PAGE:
As part of the government’s efforts to achieve food security in the country, President Muhammadu Buhari has directed the Ministry of Industry, Trade and Investment to establish agro-allied industry in all 36 states of the federation.
This was disclosed by the Minister of State for Industry, Trade and Investment, Mariam Katagum during a meeting with a delegation from the Amana Farmers and Grains Suppliers Association of Nigeria.
Katagum said the government gave this directive in a bid to stimulate economic activities and boost the development of the cotton, textile, and garment sectors of the economy.
“Government is very much interested in growing the economy, looking at other areas like cotton, textile, garment, grains, tomatoes, we need to add value. Mr. President has directed that in every senatorial district, we should establish an Agro-allied industry and we know some industries exist but you can assist us in identifying the agro-allied industries that will be suited for you,” the minister said.
Why this matters: There have been numerous challenges facing the textile industry in Nigeria over the years, this is evident in the number of textile firms that have shut down, leaving over two million people jobless.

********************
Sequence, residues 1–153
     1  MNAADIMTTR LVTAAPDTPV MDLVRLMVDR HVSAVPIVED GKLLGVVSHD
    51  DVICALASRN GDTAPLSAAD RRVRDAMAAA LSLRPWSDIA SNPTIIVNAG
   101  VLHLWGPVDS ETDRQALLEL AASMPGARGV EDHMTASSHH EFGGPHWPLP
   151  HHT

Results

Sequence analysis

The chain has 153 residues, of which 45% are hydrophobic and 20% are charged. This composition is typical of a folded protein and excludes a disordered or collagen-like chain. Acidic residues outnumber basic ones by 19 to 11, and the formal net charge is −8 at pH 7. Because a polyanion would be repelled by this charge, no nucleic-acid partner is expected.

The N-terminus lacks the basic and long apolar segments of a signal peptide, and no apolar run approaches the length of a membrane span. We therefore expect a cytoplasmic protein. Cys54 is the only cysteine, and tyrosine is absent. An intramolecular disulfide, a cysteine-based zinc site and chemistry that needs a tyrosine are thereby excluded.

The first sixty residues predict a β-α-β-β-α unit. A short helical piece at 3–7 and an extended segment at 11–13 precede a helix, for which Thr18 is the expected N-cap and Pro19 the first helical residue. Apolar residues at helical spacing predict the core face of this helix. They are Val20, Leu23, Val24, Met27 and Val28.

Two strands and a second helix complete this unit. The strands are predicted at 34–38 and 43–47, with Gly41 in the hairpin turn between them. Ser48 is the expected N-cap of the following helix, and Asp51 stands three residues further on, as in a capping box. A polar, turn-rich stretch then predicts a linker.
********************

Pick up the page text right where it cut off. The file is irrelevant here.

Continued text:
Some of the challenges the farmers and processors in the sector have had to deal with include low-quality seeds, rising operating costs and weak sales due to the high energy cost of running factories, smuggling of textile goods, and poor access to finance.
This is one of the reasons the Central Bank of Nigeria (CBN) championed the textile revival cause. According to the CBN Governor, Godwin Emefiele, smuggling of textile goods alone was estimated to have cost the nation an import bill of over $4 billion.
Recall that Emefiele said that although the country’s textile industry was capable of transforming the economy by reviving the cotton and garment sector, thereby improving Internally Generated Revenue (IGR) across the three tiers of government, it was not living up to expectation.
According to him, in the 1980s and 1990s, Nigeria was recognised as Africa’s largest textile industry with over 180 textile mills in operations, employing close to over 450,000 people, and contributing over 25% of the workforce in the manufacturing sector. However, this is not so anymore.